NEW HARTFORD — Iowa Senator Chuck Grassley says he is praying for his colleague and fellow Senator Joni Ernst.The private life of Senator Ernst has become very public lately, with the release of documents surrounding her divorce. There are allegations of extramarital affairs, physical abuse by her now-ex-husband and Ernst said Wednesday night she was raped while she was a student at Iowa State University.“People know how much I respect Senator Ernst and I don’t think I should comment in any way on her private life,” Grassley says. “She’s got to deal with a very tough situation that probably shouldn’t be discussed publicly but it seems to me she’s handling it very well.” Grassley, who is 37 years older than Iowa’s junior senator, was asked if he’s attempted to talk with Ernst since the personal details of her life went public, to offer his advice or comfort.“Obviously, I support her totally and it may sound sentimental to say that I’ll pray for her,” Grassley says. “To be more direct to your question and not to really expand on anything I said, but yes, I did reach out to her.” Grassley says it should be clear from the schedule Ernst keeps that “she’s working hard for Iowans every day.”
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DES MOINES — Governor Kim Reynolds is breaking from predecessor and mentor Terry Branstad’s practice of having state agency directors present their spending outlines for the next budgeting year in a public forum.Reynolds is meeting privately with the top bureaucrats in state government to go over items for next year’s state budget. “Really doing a one-on-one and walking through the bugdet and asking them: ‘You know, what are some initiatives that you’re working on? Where can we maybe take a look at some opportunities to help you do what you’re doing in your agency?’ And I have really found that to be very, very productive,” Reynolds, a Republican, told reporters Tuesday.In the past two years, Reynolds hosted budget presentations in her office at thie time of the year, as Branstad did, giving legislative staff, the news media and others a chance to hear about agency priorities and the spending requests state boards and commissions had approved.Later this month, Reynolds will host a hearing at the state capitol — as former Governors Branstad did — to give members of the public a chance to speak about state policy and spending decisions.
CEDAR RAPIDS, Iowa (AP) — More than 20,000 people could soon be eligible for reimbursement of fines and late fees collected by the city of Cedar Rapids on traffic camera citations issued between 2010 and 2018. A proposed class-action settlement shows the city has agreed to pay nearly $3 million in refunds and attorneys’ fees to end a lawsuit that challenged its two-year-old collection program. Those who paid late fees or who had their state tax refunds seized by the city will be eligible to seek up to $599. Pending court approval, notices will be sent to class members detailing the process for filing claims.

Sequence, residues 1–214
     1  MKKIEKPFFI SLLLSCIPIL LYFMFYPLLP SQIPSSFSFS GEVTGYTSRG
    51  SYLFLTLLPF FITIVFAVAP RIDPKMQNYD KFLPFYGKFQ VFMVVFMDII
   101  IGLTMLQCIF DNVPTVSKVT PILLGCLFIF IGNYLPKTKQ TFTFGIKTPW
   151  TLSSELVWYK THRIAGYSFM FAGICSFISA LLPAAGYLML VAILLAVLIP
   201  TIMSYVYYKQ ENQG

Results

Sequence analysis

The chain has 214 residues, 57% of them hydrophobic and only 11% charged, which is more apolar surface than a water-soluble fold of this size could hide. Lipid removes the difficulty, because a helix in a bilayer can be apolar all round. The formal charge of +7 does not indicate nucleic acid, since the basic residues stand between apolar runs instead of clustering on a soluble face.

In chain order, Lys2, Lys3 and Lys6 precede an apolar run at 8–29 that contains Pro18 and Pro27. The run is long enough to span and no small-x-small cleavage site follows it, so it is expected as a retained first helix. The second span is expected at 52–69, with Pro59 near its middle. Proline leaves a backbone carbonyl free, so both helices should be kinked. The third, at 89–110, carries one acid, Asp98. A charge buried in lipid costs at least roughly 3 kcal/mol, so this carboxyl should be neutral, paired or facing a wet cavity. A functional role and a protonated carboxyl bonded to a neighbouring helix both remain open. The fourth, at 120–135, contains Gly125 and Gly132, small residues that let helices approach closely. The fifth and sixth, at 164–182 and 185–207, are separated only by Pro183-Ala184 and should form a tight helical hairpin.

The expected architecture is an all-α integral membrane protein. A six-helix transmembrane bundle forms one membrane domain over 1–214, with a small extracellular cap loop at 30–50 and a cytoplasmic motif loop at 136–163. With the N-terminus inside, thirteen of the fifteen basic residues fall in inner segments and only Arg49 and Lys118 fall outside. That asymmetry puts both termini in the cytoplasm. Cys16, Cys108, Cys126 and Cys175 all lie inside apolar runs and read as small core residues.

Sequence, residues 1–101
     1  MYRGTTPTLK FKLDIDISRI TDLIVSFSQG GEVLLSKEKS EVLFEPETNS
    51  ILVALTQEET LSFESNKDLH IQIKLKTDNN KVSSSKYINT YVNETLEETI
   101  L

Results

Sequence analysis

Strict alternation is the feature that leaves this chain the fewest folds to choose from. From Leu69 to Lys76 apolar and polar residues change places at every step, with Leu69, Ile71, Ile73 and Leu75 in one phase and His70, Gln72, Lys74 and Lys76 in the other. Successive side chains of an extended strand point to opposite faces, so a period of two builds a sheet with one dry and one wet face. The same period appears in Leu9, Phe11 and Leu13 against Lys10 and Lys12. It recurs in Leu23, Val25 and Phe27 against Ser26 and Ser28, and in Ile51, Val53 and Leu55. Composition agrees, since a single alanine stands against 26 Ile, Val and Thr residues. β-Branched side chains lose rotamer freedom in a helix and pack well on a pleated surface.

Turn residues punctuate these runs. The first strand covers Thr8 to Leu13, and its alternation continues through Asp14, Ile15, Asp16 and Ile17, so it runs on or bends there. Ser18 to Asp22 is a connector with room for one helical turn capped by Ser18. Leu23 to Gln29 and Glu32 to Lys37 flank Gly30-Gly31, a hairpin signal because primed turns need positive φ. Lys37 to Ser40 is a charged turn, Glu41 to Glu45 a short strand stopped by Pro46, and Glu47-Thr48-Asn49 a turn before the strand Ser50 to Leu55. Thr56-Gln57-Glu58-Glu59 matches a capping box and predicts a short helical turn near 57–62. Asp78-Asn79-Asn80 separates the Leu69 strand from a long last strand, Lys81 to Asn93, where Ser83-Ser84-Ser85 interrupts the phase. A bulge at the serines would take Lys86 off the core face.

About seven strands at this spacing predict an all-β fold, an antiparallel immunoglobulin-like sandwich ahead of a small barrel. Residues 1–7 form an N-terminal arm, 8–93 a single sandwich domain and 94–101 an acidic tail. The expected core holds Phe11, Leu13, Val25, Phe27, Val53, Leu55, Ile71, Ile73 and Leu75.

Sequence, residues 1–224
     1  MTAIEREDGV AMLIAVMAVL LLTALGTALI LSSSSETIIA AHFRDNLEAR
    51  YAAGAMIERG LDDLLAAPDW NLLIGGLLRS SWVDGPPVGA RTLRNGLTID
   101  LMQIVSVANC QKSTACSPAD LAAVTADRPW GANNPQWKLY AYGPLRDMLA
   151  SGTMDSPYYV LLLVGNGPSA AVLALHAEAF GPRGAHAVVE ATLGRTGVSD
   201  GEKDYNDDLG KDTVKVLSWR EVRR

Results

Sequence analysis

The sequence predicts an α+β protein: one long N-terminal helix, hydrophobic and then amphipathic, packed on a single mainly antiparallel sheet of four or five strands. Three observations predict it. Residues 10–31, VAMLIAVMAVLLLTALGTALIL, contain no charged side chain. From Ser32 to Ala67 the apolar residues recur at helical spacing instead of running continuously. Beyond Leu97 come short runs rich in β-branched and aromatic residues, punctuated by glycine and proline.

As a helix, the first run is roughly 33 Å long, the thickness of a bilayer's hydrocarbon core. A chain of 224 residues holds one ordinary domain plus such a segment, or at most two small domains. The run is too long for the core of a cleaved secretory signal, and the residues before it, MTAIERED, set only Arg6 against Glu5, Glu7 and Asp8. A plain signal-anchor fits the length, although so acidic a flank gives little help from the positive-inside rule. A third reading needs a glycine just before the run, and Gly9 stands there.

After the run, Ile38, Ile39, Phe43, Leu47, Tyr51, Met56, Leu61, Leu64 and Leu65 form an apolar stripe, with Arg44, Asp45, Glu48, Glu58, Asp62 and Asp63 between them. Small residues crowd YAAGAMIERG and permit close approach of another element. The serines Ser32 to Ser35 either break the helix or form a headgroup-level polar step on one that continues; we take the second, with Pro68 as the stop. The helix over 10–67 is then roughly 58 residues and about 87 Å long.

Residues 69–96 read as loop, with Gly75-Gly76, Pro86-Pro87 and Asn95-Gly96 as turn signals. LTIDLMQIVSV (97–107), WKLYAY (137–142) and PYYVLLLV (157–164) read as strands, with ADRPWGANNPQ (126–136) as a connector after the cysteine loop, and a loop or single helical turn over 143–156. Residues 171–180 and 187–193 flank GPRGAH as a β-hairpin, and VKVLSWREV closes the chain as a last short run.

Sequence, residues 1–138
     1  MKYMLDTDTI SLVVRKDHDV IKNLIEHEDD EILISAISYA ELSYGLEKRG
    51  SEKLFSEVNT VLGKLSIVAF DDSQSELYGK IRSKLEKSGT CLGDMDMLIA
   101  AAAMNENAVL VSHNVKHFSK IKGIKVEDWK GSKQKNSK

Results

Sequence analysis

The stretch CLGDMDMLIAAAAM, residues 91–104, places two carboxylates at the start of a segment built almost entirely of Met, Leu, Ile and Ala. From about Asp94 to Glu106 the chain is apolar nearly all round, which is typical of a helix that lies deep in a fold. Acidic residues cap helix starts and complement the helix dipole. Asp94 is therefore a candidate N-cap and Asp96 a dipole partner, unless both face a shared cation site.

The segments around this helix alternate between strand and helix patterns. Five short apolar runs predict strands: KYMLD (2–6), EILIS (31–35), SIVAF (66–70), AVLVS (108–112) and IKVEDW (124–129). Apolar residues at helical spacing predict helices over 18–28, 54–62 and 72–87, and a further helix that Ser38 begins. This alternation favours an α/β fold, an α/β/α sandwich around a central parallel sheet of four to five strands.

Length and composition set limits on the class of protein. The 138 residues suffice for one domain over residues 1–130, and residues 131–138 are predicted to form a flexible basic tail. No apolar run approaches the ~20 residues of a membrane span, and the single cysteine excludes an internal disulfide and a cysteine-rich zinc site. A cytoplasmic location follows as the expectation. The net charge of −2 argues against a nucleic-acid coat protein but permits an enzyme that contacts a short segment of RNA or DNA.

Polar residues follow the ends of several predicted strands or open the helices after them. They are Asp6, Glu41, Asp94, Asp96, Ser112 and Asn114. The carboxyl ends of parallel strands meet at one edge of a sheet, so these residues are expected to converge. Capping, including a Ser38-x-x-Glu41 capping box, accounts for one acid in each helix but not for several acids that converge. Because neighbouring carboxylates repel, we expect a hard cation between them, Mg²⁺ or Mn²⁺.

MASON CITY — Many people during the COVID-19 situation may be experiencing mental health issues, and MercyOne clinical psychologist Brent Seaton says there’s a tendency when in a stressful situation to stop doing many of the things that we know can help us cope, so it’s a time for people to do things that will effectively help them.He says, “We should be eating a balanced diet as much as possible, doing our best to get a good night’s sleep. If you’re somebody who exercises, it’s important to exercise in ways that are consistent with our social distancing, if it’s been recommended or approved by your medical provider. When it’s nice outside and sunny, it’s important to get outside and again continue to follow the rules regarding social distancing.”Seaton says it’s always important to talk with your friends and family about what’s happening. “If you’re normally able to make social contacts in a face-to-face way and that’s no longer possible, it’s important to utilize resources that were lucky to have now. Video chat, calling people on the phone, FaceTime, It’s important to continue to make those social contacts.”Seaton says the COVID-19 crisis is anxiety provoking for a lot of people, and you need to set aside time to get your mind off of what’s happening. “Sometimes when we’re anxious, we really want to have as much information about the situation as possible, and it’s important to keep in mind that that may work against us. There are times where it’s really important to just turn off the television, to maybe check the Cerro Gordo Public Health Website once a day but not to stay kind of constantly involved in screen time that surrounds the COVID-19 situation. It’s important to take some time to listen to your favorite music. You may not feel like watching a happy movie or a funny movie and that might be exactly the reason why it’s a good idea to do that.”Seaton says we need to keep doing things for ourselves for self-care. “Sometimes when we’re in a stressful situation, we will pull away from those activities because it doesn’t feel like it’s the right time to do it, but I believe that those are the times it’s important to be very mindful that we’re doing these things that allow us to feel like we do when we feel best.”Seaton says there are many good providers in north-central Iowa to help address mental health concerns.Seaton made his comments during the weekly Cerro Gordo County COVID-19 press conference, which you can view below